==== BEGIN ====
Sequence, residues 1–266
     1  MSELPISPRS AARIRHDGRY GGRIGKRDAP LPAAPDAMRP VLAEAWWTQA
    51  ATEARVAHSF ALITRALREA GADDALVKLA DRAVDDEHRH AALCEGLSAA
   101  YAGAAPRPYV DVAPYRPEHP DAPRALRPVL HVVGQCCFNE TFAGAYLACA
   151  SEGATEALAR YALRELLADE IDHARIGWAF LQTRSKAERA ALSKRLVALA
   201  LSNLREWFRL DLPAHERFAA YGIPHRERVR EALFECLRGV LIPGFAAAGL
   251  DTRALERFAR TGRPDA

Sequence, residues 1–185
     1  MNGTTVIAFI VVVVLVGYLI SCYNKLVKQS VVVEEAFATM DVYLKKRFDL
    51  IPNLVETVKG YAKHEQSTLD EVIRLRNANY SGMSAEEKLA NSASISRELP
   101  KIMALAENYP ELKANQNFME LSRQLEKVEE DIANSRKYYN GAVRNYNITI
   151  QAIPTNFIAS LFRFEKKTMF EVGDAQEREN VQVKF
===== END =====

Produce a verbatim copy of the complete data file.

Sequence, residues 1–266
     1  MSELPISPRS AARIRHDGRY GGRIGKRDAP LPAAPDAMRP VLAEAWWTQA
    51  ATEARVAHSF ALITRALREA GADDALVKLA DRAVDDEHRH AALCEGLSAA
   101  YAGAAPRPYV DVAPYRPEHP DAPRALRPVL HVVGQCCFNE TFAGAYLACA
   151  SEGATEALAR YALRELLADE IDHARIGWAF LQTRSKAERA ALSKRLVALA
   201  LSNLREWFRL DLPAHERFAA YGIPHRERVR EALFECLRGV LIPGFAAAGL
   251  DTRALERFAR TGRPDA

Sequence, residues 1–185
     1  MNGTTVIAFI VVVVLVGYLI SCYNKLVKQS VVVEEAFATM DVYLKKRFDL
    51  IPNLVETVKG YAKHEQSTLD EVIRLRNANY SGMSAEEKLA NSASISRELP
   101  KIMALAENYP ELKANQNFME LSRQLEKVEE DIANSRKYYN GAVRNYNITI
   151  QAIPTNFIAS LFRFEKKTMF EVGDAQEREN VQVKF